User Guide
Dynamic XML
How it works
XML Links

XSP Processor
ESQL Taglib
SQL Conn Pool
FP Taglib
LDAP Processor

SQL Processor
SQL Taglib

3rd Party
Patch Queue


Live Sites
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Bug Database
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Cocoon 2.0 Site
Cocoon 2.1 Site

What is it?

Cocoon Cocoon is a 100% pure Java publishing framework that relies on new W3C technologies (such as DOM, XML, and XSL) to provide web content.

The Cocoon project aims to change the way web information is created, rendered and served. The new Cocoon paradigm is based on the fact that document content, style and logic are often created by different individuals or working groups. Cocoon aims for a complete separation of the three layers, allowing the three layers to be independently designed, created and managed, reducing management overhead, increasing work reuse and reducing time to market.

The Introduction to Cocoon Technologies white paper provides a clear, introductory-level overview.

What does it do?

Web content generation is mostly based on HTML, but HTML doesn't separate the information from its presentation, mixing formatting tags, descriptive tags and programmable logic (both on server side and client side). Cocoon offers a different way of working, allowing content, logic and style to be separated out into different XML files, and uses XSL transformation capabilities to merge them.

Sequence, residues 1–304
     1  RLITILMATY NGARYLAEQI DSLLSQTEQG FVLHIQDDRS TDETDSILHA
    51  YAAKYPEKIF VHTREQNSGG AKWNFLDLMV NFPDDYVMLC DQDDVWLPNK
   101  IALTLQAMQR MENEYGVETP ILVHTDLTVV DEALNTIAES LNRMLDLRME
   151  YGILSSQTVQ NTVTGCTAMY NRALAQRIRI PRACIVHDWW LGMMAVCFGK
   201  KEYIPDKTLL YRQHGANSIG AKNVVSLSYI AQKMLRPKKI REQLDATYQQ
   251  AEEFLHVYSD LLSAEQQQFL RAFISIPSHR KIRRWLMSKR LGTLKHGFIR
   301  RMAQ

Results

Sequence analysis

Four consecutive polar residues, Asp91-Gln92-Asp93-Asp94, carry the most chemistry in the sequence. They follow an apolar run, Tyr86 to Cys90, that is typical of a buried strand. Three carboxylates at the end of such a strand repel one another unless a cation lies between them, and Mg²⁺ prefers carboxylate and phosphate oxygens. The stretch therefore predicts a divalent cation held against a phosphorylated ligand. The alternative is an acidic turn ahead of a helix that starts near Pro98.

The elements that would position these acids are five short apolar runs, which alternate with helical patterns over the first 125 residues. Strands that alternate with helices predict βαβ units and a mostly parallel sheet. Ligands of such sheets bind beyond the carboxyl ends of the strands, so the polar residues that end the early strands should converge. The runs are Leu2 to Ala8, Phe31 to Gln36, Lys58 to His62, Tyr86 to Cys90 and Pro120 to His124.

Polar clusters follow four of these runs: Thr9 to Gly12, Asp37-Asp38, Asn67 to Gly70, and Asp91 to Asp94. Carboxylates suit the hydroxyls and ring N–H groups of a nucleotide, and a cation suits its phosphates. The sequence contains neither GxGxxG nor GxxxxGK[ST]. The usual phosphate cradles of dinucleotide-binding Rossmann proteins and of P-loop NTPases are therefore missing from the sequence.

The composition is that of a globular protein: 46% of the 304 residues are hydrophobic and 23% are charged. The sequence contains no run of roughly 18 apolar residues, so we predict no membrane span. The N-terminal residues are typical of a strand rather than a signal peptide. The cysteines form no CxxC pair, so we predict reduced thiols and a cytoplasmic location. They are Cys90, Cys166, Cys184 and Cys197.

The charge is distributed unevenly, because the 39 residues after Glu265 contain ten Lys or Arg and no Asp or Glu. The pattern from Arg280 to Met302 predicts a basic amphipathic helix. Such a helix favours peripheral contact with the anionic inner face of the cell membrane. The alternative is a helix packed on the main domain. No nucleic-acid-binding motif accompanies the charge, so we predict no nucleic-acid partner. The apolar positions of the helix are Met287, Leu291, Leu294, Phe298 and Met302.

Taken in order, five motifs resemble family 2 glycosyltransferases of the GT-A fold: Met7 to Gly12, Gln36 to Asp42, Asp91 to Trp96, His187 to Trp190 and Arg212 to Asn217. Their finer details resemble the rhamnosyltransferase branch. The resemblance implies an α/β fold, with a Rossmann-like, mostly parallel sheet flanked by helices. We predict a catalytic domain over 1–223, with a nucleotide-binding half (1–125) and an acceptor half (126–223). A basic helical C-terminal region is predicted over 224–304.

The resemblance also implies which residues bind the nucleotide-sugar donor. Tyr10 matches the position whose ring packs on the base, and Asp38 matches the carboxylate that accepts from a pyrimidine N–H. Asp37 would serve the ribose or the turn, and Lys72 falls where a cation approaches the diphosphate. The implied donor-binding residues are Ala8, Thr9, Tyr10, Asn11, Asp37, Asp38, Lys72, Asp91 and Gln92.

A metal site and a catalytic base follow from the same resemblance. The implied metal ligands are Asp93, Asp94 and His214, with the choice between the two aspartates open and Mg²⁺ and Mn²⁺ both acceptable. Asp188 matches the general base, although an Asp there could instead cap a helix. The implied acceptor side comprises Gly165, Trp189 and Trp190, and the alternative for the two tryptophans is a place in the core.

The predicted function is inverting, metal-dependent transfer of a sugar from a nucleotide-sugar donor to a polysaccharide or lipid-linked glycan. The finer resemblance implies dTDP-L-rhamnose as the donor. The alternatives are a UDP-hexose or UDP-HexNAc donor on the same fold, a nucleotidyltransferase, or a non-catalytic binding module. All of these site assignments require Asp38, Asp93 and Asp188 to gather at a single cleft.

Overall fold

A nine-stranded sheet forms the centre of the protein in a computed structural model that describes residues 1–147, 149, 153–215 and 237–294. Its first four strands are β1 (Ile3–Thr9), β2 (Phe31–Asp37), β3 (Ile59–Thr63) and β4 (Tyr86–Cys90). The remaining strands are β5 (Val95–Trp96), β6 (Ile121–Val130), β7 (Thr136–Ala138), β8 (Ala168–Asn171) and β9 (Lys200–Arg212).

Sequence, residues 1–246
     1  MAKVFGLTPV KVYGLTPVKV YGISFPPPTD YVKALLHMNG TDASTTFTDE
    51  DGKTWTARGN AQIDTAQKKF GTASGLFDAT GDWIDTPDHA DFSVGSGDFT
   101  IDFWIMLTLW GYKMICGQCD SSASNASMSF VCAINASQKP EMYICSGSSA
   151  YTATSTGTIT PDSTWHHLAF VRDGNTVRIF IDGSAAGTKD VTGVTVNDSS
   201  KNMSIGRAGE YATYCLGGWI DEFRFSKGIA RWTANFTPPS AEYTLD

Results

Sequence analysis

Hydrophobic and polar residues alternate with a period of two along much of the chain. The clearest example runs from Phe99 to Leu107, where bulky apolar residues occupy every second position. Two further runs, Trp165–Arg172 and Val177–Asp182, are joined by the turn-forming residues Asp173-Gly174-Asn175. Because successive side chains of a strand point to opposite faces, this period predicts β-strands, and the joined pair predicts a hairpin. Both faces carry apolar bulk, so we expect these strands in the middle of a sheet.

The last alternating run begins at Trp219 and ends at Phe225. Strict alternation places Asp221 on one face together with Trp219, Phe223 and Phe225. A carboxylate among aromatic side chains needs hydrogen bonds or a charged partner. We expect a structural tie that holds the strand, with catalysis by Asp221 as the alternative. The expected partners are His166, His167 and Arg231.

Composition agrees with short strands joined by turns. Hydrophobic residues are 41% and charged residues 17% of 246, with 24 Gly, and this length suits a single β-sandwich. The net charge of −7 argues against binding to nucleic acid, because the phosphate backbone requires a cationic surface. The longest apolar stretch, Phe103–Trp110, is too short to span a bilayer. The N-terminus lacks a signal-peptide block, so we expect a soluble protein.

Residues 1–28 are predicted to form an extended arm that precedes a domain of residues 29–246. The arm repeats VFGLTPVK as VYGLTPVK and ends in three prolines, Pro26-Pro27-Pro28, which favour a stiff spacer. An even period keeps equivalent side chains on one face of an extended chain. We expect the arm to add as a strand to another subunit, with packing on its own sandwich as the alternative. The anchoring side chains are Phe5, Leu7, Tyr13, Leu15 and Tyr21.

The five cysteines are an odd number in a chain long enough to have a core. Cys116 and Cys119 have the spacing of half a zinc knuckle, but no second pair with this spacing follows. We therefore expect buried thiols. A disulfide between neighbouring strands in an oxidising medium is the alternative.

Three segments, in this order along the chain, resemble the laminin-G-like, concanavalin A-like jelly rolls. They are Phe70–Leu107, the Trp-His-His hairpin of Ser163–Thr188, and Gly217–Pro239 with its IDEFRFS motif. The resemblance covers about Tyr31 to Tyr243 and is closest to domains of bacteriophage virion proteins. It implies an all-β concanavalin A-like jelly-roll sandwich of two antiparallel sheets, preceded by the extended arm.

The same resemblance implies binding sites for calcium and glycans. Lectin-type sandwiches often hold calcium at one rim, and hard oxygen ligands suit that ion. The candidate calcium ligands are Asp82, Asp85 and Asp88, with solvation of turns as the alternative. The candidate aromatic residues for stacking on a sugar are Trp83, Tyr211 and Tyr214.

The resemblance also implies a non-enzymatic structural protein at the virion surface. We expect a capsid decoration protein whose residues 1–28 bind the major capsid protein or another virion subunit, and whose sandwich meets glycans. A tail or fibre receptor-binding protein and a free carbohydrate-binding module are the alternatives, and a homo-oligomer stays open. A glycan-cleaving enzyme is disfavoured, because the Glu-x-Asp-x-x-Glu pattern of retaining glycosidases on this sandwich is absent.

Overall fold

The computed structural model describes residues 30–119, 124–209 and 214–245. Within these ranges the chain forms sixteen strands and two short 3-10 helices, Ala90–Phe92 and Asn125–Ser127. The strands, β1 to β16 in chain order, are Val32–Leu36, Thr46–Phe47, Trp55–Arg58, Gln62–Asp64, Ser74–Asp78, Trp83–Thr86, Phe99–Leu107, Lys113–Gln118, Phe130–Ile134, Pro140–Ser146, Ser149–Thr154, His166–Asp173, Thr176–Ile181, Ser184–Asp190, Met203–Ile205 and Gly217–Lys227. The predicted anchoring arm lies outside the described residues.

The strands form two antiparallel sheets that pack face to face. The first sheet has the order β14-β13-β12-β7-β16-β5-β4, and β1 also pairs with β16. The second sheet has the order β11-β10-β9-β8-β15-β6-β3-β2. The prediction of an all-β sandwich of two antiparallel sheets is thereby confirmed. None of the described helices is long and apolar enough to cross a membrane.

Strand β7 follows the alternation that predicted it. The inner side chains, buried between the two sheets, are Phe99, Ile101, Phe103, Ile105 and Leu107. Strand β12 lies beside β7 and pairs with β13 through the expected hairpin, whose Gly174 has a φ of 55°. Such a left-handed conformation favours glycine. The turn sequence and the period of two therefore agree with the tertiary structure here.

What does it change for me?

Even if the most common use of Cocoon is the automatic creation of HTML through the processing of statically or dynamically generated XML files, Cocoon is also able to perform more sophisticated formatting, such as XSL:FO rendering to PDF files, client-dependent transformations such as WML formatting for WAP-enabled devices, or direct XML serving to XML and XSL aware clients.

The Cocoon model allows web sites to be highly structured and well-designed, reducing duplication efforts and site management costs by allowing different presentations of the same data depending on the requesting client (HTML clients, PDF clients, WML clients) and separating out different contexts with different requirements, skills and capacities. Cocoon allows better human resource management by giving each individual their job and reducing to a minimum the cross-talks between different working contexts.

To do this, the Cocoon model divides the development of web content into three separate levels:

  • XML creation -
  • The XML file is created by the content owners. They do not require specific knowledge on how the XML content is further processed - they only need to know about the particular chosen "DTD" or tagset for their stage in the process. (As one would expect from a fully generic XML framework, DTDs are not required in Cocoon, but can be used and validated against). This layer is always performed by humans directly, through normal text editors or XML-aware tools/editors.
  • XML processing -
  • The requested XML file is processed and the logic contained in its logicsheet(s) is applied. Unlike other dynamic content generators, the logic is separated from the content file.
  • XSL rendering -